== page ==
Manitoba study says long ER wait times due to diagnostic tests, not lack of beds

By on March 3, 2017


Lead study author Dr. Malcolm Doupe says solving the problem will take more than just adding more space in hospitals. (Pixabay photo)
Lead study author Dr. Malcolm Doupe says solving the problem will take more than just adding more space in hospitals. (Pixabay photo)

WINNIPEG—A study says diagnostic testing, not the number of beds available, is the biggest reason for long waits in Manitoba emergency rooms.

The Manitoba Centre for Health Policy at the University of Manitoba study says all the tests required for patients affects how long it takes to get people through emergency departments.

More than half of patients admitted to the ER need tests such as a CT scan, X-ray or urine test.

The study says the time it takes for doctors to decide on which tests are needed, order them, get the tests done and interpret the results is why there are such long waits.

Lead study author Dr. Malcolm Doupe says solving the problem will take more than just adding more space in hospitals.

Doupe says it will be up to medical professionals to find solutions.

“Our entire health-care system, I think, is trying to grapple with what does reform mean. Is it more of the same or doing somethings differently? There’s lots of examples why, and this is a great one, doing things differently is the way to go.”

Doupe says it will be up to medical professionals to find solutions.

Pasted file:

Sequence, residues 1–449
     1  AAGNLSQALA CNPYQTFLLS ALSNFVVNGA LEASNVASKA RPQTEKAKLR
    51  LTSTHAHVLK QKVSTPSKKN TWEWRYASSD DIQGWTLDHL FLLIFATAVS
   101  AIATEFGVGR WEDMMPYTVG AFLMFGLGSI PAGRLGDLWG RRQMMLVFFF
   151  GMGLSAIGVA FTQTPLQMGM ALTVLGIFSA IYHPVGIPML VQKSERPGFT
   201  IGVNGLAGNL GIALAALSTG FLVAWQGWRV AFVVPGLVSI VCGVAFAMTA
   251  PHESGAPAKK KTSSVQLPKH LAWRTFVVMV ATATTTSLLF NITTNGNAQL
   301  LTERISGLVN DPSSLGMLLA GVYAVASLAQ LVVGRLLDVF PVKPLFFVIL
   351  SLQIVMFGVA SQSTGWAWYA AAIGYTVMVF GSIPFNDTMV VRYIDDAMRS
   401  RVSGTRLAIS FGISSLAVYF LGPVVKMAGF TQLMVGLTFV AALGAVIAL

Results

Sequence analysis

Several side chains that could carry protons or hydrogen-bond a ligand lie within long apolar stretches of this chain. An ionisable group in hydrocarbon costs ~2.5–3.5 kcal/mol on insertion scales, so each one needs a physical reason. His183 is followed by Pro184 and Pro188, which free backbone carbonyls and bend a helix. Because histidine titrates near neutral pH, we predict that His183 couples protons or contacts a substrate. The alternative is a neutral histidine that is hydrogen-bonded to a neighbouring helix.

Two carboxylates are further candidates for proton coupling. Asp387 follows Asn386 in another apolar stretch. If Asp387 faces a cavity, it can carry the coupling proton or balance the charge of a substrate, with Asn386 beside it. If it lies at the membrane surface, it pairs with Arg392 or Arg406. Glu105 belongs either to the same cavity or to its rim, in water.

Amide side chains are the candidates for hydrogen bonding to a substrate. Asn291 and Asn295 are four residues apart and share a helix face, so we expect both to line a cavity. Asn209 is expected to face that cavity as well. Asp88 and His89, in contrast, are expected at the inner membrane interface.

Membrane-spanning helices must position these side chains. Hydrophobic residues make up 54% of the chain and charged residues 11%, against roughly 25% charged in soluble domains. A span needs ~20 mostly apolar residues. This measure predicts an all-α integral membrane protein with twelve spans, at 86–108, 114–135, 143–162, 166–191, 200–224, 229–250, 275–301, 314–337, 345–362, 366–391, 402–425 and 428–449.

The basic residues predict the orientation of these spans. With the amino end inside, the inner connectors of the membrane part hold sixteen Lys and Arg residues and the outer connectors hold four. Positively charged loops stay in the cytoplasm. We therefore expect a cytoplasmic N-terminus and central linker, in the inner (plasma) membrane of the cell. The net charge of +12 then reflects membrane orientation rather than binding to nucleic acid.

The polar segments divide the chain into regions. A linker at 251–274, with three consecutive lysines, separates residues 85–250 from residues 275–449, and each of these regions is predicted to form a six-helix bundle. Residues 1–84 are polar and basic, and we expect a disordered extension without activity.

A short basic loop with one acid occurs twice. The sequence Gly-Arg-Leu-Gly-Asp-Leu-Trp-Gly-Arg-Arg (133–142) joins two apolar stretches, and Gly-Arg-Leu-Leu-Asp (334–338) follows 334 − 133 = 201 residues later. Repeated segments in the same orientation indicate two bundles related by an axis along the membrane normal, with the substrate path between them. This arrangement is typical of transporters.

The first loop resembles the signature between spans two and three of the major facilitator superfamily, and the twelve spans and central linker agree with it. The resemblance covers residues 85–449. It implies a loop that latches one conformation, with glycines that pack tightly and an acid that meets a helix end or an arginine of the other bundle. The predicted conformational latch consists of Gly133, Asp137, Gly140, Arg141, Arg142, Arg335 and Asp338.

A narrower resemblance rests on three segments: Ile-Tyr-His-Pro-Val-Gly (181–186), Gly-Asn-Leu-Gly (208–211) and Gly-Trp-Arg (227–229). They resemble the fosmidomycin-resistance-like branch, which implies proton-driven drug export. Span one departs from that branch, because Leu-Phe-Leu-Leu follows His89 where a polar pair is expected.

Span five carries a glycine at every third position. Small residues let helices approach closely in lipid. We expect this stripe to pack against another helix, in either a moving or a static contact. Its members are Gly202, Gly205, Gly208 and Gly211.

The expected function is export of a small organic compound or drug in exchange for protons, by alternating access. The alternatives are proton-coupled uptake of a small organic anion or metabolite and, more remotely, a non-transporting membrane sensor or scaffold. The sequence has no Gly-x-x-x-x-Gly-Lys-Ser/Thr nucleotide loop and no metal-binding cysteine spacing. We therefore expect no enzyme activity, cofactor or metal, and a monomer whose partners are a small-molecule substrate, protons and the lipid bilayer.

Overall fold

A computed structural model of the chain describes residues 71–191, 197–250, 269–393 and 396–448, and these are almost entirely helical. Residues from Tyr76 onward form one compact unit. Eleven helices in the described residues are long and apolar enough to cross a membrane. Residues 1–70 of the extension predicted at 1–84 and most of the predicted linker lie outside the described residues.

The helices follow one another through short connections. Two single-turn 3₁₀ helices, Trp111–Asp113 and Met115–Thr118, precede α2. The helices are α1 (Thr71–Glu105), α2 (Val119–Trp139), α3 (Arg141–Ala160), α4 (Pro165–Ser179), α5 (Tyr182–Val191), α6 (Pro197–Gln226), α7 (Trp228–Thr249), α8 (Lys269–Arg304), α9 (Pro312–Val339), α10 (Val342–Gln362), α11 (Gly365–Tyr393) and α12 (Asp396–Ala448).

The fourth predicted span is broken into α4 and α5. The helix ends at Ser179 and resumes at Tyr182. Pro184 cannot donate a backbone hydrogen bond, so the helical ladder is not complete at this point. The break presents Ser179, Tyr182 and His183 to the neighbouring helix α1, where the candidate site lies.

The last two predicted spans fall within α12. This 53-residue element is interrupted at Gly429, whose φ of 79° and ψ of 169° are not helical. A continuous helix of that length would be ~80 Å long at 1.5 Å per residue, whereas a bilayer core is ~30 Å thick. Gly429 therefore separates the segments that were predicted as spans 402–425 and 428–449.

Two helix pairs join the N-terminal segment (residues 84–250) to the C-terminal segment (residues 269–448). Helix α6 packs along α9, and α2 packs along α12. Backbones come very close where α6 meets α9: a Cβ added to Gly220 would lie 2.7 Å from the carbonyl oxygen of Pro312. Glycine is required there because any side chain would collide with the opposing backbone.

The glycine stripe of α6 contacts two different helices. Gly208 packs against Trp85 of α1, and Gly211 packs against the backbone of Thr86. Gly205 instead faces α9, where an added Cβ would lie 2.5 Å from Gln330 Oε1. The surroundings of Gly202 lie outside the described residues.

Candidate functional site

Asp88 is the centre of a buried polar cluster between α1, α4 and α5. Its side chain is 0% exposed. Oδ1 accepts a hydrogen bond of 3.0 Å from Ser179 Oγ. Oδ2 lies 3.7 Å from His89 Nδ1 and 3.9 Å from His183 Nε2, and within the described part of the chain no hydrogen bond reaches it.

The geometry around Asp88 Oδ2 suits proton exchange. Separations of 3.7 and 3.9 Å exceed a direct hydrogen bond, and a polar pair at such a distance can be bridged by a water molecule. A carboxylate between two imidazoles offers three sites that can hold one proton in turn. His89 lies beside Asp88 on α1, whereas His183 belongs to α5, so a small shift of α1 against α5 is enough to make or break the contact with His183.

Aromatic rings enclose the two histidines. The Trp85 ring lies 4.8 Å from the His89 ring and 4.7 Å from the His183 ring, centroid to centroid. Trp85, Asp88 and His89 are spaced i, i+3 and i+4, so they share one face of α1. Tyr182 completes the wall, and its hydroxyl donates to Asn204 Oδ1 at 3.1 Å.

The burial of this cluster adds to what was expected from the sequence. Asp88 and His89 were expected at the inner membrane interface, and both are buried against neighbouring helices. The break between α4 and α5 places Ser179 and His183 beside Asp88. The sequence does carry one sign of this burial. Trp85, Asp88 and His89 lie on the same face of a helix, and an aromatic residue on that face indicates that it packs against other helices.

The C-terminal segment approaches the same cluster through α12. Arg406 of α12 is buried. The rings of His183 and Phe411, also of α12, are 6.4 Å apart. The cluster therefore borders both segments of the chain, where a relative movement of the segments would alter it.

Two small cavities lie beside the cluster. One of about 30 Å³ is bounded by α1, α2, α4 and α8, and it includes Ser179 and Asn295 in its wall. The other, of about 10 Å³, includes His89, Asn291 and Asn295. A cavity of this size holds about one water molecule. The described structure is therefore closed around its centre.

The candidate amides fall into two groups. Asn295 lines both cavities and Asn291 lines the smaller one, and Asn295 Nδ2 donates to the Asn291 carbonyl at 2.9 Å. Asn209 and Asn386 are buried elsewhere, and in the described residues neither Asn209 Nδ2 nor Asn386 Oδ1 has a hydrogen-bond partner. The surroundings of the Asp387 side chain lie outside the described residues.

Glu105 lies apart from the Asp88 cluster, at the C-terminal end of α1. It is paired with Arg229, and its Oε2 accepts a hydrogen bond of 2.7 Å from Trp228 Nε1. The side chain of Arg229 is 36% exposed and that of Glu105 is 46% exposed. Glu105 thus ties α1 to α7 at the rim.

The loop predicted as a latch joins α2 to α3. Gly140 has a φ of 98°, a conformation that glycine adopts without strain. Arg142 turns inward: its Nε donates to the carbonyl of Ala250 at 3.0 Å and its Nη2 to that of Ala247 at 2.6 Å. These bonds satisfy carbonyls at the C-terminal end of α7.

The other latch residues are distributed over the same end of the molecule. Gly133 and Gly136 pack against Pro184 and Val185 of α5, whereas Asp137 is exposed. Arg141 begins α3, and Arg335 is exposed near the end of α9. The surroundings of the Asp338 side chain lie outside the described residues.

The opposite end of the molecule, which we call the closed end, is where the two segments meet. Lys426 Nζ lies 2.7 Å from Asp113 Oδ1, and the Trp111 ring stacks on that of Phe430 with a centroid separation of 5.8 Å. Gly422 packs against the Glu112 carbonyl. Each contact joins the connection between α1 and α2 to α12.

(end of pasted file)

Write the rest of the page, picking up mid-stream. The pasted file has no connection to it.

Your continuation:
Dr. Alecs Chochinov, head of the Winnipeg Regional Health Authority’s emergency program, says there’s been a major shift towards more testing in the last few decades.

“If you came in with appendicitis 30 years ago, you would go to the OR, they would open you up, 20 per cent of cases would be needed and we accepted that,” he says.

“With the advent of CT scans, everybody needs a CT scan — is that bad? No. It’s the standard of care now but I think we have to accept those type of things necessarily lead to delays.”

Chochinov said there could be changes to standards for testing and work could be done to streamline the process.

“A previous review of our health-care system, ordered by the old NDP government, argued we may not need six fully acute emergency departments. Some could be converted to deal with patients suffering from less serious conditions. That would allow the remaining emergency departments to have the best possible testing equipment. “

The study found an average of 612 people go to emergency rooms in Winnipeg every day, according to 2013 data, the latest available.

The average ER wait time, according to the data,was roughly five hours.

The study found that only about one per cent of people visiting the ER are dealing with “very high urgency” conditions. More than 80 per cent of those who show up are not dealing with life or death situations.